The Elephant in the Room (first played on Series 2, Episode 4): The players are given a word, and are then given questions to answer, but instead of answering them normally, they have to give the answer with the given word removed from the answer (e.g., if the given word was "ham" and the answer to the question was Hammersmith, the player would have to say "mersmith" as the answer).

Roonerspisms (first played on Series 2, Episode 5): The players are shown two statements, the answers to which are spoonerisms of each other. They have to buzz in with both answers to get a point. On some questions, one of the statements is replaced with either a picture or a song (in which the song is the spooneristic answer they require). (e.g., a statement could say "Surname of Richie Rich's minder, portrayed by Ade Edmondson", and the other one say "Hat referred to in Scotland as a bunnet", then the answers would be "Catflap" and "Flat cap".)

The Backwards Round (first played on Series 2, Episode 6): The players are given questions, but the words are in reverse order. As with the questions, the players must give their answers in reverse. (e.g. for "Duo mouse and cat which created Barbera Joseph and Hanna William?", the answer would be Jerry and Tom (with the correct way round being "William Hanna and Joseph Barbera created which cat and mouse duo?" Tom and Jerry.) Some questions involve the identification of songs played backwards.

Opposites Attract (first played on Series 2, Episode 14): The players are given a category and a clue, and they have to work out what the answer relating to the category is, which is the opposite of the clue that they have just been given. Some opposites may be more cryptic than others. (e.g. If the category were rock bands, and the clue were "Green Cold China Georges", then the answer would be Red Hot Chili Peppers, as red is in the opposite side of the colour wheel from green, hot is the opposite of cold, Chile is on the opposite side of the world from China and George is the brother of Peppa in the show Peppa Pig.)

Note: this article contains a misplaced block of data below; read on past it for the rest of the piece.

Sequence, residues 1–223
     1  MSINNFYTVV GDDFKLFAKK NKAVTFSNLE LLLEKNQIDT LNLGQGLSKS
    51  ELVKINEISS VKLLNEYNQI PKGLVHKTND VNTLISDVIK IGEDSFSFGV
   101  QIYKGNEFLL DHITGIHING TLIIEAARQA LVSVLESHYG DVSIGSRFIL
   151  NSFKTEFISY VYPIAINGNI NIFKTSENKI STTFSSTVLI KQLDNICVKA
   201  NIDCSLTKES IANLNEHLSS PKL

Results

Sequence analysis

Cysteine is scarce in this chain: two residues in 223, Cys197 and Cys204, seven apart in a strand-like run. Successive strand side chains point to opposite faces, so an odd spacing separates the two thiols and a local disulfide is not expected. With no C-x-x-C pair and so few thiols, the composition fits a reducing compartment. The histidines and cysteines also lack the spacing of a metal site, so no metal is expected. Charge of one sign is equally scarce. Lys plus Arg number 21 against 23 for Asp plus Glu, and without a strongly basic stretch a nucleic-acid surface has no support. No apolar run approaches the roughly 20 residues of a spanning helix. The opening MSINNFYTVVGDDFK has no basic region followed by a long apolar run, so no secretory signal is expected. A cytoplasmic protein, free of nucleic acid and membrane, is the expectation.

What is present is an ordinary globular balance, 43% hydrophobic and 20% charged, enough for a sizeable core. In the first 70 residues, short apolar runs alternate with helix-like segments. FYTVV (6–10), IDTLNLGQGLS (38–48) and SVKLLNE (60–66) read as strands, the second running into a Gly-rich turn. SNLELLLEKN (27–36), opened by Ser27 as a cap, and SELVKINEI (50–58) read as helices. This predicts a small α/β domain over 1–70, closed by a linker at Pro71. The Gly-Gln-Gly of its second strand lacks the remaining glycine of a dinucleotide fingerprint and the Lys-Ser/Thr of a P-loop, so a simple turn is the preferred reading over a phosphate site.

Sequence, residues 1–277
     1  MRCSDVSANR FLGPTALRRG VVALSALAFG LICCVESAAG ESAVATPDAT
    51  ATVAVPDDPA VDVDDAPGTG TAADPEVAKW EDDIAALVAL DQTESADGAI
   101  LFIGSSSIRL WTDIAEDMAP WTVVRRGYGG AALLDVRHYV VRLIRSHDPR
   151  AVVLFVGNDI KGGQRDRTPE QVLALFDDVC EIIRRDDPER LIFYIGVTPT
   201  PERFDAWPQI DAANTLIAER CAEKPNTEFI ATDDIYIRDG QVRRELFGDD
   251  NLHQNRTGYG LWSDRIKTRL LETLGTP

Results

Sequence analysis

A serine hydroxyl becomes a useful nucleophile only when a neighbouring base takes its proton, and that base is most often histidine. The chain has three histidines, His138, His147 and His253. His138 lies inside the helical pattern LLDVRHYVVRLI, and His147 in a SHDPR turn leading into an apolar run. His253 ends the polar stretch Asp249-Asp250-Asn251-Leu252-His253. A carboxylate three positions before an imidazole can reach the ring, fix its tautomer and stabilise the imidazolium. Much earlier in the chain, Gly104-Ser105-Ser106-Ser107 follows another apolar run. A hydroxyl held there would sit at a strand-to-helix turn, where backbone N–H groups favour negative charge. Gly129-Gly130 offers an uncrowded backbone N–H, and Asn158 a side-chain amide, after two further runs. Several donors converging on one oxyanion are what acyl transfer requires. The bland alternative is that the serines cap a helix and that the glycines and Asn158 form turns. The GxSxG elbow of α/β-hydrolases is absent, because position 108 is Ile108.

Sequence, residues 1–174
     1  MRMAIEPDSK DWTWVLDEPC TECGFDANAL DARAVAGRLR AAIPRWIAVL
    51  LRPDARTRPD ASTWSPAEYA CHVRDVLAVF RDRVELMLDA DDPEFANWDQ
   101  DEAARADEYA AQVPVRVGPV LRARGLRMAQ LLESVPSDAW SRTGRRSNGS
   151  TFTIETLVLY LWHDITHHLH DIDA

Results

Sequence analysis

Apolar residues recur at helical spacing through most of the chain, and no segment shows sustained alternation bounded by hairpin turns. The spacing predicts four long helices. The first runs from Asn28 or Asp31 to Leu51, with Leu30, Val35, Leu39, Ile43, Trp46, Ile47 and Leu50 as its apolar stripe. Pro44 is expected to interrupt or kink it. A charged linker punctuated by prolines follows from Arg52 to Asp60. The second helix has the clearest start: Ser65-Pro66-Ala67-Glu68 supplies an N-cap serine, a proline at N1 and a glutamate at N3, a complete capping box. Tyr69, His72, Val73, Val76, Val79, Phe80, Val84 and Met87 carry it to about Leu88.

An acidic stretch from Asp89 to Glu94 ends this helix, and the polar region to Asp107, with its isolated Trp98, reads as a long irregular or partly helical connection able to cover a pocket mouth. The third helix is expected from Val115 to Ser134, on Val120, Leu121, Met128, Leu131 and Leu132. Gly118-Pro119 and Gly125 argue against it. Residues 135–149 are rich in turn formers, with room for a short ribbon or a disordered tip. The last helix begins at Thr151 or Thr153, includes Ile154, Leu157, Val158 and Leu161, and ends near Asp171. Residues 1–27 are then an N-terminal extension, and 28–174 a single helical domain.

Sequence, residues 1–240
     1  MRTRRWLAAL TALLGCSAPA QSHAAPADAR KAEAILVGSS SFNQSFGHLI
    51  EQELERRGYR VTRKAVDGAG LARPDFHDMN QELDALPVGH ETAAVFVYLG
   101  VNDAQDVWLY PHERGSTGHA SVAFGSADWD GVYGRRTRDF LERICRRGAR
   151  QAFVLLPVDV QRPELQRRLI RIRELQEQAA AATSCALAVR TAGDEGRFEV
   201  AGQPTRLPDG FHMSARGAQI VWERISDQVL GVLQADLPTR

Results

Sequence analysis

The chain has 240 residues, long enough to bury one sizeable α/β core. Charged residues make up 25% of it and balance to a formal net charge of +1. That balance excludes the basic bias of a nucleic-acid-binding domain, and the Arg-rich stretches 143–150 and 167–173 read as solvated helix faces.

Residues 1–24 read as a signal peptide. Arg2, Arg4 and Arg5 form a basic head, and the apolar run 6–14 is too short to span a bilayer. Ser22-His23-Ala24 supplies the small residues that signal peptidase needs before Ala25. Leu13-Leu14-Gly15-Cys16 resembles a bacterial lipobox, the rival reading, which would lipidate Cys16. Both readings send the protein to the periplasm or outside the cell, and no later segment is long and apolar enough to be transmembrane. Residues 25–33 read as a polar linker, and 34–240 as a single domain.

King of the Jumble (first played on Series 3, Episode 9): The players are shown two clues to answers that are anagrams of each other. They buzz in with the correct answers. On some questions, one of the statements is replaced with either a picture or a song (in which the song is the answer they require).

Two Clues in One (first played on Series 3, Episode 9): The players are given a category and are then given a clue to an answer related to that category, which has the same initials as the answer.

A Blast From The Past Tense (first played on Series 3, Episode 12): The players are given a question, but they must give the answer in the past tense (e.g. If the answer to a question was "Take That", the players must give the answer "Took That", as took is the past tense of take.)